Books versus people

Recently I've realised that I'm not spending enough time talking through the problems I face at work. This has been a hard-won realisation for me.

I used to be able to solve work problems by reading things in books and articles and then practicing them on my own. This is how I learned to be a designer and a researcher. I learned how to interview people, make prototypes, do usability testing, give presentations, run workshops, and many other things like this. It felt like a superpower.

But as my work changed - from working on my own to leading teams - this superpower stopped working.

This showed up in a series of personal crises at work:

  • when I was designing an online supermarket and burned out because I couldn't work out how to share work with my team
  • when I jumped from managing no one to managing four people and struggled to do my job because I couldn't figure out how to let go of enough control
  • when I became paralysed at the thought of doing a product manager role on top of my role as lead user researcher because I didn't realise I could negotiate with my own managers to put some aspects of both roles on hold for a while.

I didn't get through these crises by reading books (although god knows I tried). I got through them by talking things through with other people.

I think this is because these crises were not about how to do specific things on my own. They were about how to act and behave in complex situations that involved many other actors and their own motives. Books can't ask questions to clarify context before they give advice. People can, and do, ask questions (or at least the best ones do). And it's this back and forth about the context that makes their advice so powerful.

I noticed something else too. The people that helped me most were not the kinds of people I'd talked to up to that point in my career. 

Previously, I would talk with other researchers and designers because the problems I was facing were practical problems about how to do specific things. But researchers and designers were often as clueless as I was about how to deal with this new class of problems.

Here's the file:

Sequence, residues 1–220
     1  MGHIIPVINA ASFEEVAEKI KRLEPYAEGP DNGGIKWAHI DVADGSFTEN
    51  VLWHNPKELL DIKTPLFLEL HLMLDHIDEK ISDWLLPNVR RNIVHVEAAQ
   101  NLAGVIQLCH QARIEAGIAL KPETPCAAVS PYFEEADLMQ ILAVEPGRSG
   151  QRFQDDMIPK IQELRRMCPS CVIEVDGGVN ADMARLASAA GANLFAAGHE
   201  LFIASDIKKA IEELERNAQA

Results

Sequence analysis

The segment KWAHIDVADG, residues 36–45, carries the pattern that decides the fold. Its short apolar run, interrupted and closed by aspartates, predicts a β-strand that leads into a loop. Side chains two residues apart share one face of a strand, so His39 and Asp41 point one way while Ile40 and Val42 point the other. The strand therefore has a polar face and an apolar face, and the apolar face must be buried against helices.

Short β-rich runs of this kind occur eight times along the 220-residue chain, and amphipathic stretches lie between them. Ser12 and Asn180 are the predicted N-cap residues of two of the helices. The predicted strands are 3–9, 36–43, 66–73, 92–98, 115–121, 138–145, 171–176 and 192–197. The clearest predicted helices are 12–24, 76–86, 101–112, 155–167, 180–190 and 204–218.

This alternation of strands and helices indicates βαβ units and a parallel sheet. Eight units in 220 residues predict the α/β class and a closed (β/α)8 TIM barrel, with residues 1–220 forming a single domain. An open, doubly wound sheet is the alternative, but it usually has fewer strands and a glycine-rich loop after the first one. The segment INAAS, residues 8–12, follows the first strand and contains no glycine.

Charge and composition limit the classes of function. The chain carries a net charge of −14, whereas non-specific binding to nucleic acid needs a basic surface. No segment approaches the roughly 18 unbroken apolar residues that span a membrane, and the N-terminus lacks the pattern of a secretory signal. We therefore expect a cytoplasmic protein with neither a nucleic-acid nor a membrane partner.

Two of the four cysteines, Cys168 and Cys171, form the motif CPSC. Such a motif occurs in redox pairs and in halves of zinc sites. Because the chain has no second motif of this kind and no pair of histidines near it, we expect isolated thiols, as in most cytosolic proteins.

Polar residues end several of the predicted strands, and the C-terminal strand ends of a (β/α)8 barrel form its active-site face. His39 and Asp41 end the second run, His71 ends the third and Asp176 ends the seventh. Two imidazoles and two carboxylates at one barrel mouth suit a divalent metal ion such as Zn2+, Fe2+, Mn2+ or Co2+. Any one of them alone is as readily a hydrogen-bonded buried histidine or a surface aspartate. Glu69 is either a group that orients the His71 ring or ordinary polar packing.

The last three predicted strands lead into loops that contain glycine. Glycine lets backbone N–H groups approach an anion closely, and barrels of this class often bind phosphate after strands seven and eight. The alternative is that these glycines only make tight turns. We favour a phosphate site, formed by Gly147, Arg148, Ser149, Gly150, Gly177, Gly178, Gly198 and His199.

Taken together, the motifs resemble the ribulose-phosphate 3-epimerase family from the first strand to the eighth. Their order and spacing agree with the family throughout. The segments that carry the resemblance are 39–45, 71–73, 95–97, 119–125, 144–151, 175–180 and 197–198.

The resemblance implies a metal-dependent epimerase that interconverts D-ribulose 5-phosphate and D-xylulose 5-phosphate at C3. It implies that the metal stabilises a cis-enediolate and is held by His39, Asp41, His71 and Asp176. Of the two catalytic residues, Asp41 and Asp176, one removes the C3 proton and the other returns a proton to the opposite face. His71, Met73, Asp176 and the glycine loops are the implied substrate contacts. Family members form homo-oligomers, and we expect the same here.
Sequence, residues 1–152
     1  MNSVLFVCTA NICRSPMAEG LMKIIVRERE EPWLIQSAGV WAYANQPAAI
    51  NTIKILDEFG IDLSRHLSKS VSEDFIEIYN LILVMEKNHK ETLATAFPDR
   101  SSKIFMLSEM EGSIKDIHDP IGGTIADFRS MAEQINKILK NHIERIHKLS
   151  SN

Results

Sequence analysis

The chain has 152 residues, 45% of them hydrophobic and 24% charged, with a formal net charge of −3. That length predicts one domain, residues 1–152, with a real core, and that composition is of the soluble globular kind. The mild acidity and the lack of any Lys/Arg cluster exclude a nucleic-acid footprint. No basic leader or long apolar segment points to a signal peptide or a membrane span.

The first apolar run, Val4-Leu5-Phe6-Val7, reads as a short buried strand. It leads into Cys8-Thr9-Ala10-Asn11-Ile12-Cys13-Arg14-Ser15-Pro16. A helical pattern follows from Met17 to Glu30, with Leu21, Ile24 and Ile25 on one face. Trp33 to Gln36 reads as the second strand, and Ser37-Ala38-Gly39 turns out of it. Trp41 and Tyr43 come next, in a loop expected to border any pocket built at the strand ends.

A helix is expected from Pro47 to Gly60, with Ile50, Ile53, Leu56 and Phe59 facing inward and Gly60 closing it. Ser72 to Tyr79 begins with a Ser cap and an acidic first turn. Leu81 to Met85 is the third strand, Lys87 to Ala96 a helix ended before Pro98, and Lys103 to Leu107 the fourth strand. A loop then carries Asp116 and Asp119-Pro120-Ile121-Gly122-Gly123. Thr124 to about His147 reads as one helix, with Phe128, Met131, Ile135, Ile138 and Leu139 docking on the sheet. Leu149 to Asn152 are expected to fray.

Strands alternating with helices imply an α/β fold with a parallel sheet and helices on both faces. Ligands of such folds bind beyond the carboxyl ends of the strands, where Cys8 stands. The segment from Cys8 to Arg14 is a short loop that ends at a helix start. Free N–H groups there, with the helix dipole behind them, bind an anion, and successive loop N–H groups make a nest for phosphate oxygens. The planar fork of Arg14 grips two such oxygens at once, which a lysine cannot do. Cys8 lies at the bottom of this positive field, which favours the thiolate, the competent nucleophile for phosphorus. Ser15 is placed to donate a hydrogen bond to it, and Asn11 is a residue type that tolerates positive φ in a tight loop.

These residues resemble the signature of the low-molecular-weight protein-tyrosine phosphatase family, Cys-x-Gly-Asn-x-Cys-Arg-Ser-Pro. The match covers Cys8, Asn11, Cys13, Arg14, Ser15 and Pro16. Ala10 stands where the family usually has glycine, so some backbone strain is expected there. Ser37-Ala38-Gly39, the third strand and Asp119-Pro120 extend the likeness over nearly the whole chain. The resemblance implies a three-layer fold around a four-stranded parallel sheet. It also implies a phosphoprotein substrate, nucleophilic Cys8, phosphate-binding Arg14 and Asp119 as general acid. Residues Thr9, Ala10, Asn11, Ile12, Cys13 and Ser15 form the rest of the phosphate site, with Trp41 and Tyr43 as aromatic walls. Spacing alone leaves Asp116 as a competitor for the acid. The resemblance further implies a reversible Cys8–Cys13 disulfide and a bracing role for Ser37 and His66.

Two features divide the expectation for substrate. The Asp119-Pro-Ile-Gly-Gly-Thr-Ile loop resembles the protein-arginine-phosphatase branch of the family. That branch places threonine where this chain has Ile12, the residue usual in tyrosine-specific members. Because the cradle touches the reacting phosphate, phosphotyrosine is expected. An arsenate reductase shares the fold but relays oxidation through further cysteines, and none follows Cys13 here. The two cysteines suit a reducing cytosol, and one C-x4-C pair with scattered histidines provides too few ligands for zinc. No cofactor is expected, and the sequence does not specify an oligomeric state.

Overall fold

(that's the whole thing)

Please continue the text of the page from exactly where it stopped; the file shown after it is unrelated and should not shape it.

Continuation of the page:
I had to find new people to talk to.

I solved the three crises using a mixture of counselling and coaching. It turns out that counsellors and coaches are experts at asking the right kinds of questions and then giving powerful, contextual advice.

But this is too expensive in the long run.

Now I talk through these problems with people I know at work who face similar problems themselves. These people are not just researchers and designers - they include product managers, content designers, delivery managers, and technologists. There are only two qualifications. Do I trust this person enough to share my problems? Does this person have experience of facing similar problems themselves?

These conversations are amazing. In the last two weeks alone I've realised that I'm not sharing enough of my work with my senior colleagues, that I'm sometimes too focused on building consensus and not making a decision myself, and that my work satisfaction doesn't depend on simply getting stuff done but also on the working culture.

These are wise things that I hadn't realised on my own. They're difficult to answer using books because they're specific to me and my personal work context. 

So that's what I am doing now. Or trying to, because it's a new thing for me and I keep forgetting to do it. My deep-grained habit is to go back to reading a book and shutting myself away to solve it on my own. But although it's taken me about three years to realise this, I'm finally clear that books don't hold all the answers for me.

If you are facing these kinds of problems then you should give this a go too...

Let me know what you think on @myddelton. Thank you to the people who have given up their time to talk things through with me.